I am one to believe the timing map in the ECU at low and medium loads is retarted from optimal fuel conversion efficiency on a stock car. You can't change the map itself without a tune, but you can easily offset it across the board through adaptation and/or add roughly 1.5 degrees of advance over the baseline at low and medium loads only through an IAT mod.

If you go in adaptation and set the specified advance at idle to be 2.6 degrees BTDC (to take your example) you'll have matching specified and actual.
 
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paramedick

TDIClub Enthusiast, Vendor
Joined
Jul 29, 2001
Location
Versailles, Kentucky
TDI
2015 Audi Q5 TDI, 2000 New Beetle
aNUT said:
I've been following this with interest. In the last 3 days, I have had an A3 and a B4 in here for timing belts. Set the timing like normal in basic settings, and all is good. Timing set a mid-graph. Cars run like a champ.

Switch to channel 4 in basic settings, and I get a notation of "late" in one of the boxes. See the example below from another thread.



Comments, please, as to what if anything I'm doing wrong or why the late notation pops up.
 
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eb2143

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Location
Rhode Island
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Very interesting thread aNUT. The fundamental difference I see here is your understanding that the ECU timing map is set for optimal efficiency. There was (is?) a strong contingent of people (see post 17 and "And the Results are...." thread of a few years ago), who claimed that VW sacrificed efficiency for longevity (lower peak cylinder pressures). What is your opinion on this? If I understand, you have gotten data from advanced and matched cars and found that the computer (requested & actual matched) achieves better efficiency.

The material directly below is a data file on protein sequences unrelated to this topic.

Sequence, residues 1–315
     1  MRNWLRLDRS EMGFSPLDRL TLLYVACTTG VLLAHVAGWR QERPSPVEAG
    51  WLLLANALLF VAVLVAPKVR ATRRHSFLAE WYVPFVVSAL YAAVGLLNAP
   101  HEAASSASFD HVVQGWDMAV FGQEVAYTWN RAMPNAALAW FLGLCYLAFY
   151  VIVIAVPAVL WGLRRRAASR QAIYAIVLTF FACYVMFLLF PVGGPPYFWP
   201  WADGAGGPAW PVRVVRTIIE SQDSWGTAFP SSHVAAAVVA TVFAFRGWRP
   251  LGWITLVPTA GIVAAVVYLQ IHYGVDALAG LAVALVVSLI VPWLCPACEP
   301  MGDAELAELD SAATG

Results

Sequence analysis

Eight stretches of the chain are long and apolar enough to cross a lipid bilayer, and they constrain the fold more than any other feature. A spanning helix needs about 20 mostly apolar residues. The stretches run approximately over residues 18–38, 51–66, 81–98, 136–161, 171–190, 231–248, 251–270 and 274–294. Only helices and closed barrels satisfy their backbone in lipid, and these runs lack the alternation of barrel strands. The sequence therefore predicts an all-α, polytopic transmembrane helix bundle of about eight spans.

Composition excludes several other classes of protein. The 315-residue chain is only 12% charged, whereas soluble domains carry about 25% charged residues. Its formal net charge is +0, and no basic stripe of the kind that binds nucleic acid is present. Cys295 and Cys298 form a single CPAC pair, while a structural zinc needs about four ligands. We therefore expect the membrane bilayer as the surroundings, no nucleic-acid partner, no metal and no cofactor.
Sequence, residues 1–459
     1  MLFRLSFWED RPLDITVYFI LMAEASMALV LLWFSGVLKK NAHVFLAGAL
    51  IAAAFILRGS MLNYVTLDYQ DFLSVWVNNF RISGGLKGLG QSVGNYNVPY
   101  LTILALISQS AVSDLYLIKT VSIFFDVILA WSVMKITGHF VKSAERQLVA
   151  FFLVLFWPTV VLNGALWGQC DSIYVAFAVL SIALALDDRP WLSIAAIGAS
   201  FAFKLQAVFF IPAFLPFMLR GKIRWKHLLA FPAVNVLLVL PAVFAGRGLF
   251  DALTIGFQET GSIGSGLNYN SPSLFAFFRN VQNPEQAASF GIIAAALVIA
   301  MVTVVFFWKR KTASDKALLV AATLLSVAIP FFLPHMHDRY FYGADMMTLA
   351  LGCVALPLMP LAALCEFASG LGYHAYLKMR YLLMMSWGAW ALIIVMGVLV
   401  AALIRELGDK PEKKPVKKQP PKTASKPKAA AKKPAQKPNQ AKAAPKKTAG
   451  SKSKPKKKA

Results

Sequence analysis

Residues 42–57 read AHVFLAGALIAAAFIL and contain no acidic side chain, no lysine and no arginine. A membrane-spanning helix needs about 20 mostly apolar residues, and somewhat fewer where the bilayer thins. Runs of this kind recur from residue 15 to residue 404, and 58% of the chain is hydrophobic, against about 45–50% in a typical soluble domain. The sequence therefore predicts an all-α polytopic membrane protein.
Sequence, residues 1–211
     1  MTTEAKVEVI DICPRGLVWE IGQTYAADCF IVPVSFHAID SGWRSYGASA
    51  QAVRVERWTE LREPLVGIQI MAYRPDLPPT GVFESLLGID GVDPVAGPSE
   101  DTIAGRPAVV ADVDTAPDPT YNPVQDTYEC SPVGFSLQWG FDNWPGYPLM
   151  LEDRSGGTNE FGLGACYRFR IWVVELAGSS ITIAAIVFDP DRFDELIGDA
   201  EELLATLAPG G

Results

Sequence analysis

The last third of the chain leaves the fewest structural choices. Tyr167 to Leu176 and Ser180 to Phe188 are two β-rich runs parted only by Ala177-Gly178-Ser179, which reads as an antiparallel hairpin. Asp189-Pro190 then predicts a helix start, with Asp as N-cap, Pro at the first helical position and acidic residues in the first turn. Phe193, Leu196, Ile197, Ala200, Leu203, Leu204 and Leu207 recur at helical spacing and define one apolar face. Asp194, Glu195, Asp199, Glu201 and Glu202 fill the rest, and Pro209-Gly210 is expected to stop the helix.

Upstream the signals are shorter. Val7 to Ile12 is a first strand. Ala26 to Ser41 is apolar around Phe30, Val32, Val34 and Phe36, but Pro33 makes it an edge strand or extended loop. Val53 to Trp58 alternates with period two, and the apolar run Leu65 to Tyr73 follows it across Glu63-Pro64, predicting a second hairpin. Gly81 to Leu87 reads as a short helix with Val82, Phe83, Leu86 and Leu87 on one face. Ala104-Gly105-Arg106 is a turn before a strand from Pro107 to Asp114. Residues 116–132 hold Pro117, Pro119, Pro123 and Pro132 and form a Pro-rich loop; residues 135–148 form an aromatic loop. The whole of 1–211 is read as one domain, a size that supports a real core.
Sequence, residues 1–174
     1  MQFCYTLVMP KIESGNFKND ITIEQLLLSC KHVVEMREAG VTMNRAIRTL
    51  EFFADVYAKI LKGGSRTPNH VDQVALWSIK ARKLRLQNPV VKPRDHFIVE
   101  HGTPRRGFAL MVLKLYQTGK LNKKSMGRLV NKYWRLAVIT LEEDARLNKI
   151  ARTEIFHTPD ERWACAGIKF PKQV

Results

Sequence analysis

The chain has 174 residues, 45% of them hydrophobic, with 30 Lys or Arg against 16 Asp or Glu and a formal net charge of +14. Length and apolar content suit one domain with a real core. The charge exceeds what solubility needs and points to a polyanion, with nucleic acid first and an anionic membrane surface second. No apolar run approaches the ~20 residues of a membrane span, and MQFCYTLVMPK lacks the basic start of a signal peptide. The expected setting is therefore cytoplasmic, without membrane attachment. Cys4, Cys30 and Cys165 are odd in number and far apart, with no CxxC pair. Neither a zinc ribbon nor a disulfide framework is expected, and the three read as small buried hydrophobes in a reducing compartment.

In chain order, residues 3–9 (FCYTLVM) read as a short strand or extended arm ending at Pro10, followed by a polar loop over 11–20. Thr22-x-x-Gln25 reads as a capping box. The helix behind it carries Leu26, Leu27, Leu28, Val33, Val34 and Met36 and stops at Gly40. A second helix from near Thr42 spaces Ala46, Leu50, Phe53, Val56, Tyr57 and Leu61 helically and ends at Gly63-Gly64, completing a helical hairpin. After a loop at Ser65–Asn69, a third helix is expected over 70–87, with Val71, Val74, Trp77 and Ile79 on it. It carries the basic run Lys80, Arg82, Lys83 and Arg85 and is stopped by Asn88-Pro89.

I don't think it would be very difficult at all for more people to get some hard numbers in terms of FE with these two methods of setting timing. It only takes a few minutes to adjust back and forth.

Can you also clarify a bit your opinion for someone living in a cold climate? You mentioned N108 requests full advance for cold starts and that hard starting does result if N108 duty cycle is >60% at warm idle. This doesn't mean very much to me.
Is it still best for me to use adjustments to static timing (via 3 IP bolts) to get actual to meet requested in group 004? Or will cold starting be helped by setting near the green (which is the only reason I have ever heard for doing such; EGT stuff is new to me)?

I always suspected the belief that setting static timing near the top was essential for good cold starts because I had it near the red and cold starts were excellent.

In any case, we do know who propagated these ideas about timing in basic settings, and it'd be nice to hear from him.

Thanks again; I really hope that we come to a consensus on ALH timing.
 
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jcrews

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paramedick said:
I've been following this with interest. In the last 3 days, I have had an A3 and a B4 in here for timing belts. Set the timing like normal in basic settings, and all is good. Timing set a mid-graph. Cars run like a champ.

Switch to channel 4 in basic settings, and I get a notation of "late" in one of the boxes. See the example below from another thread.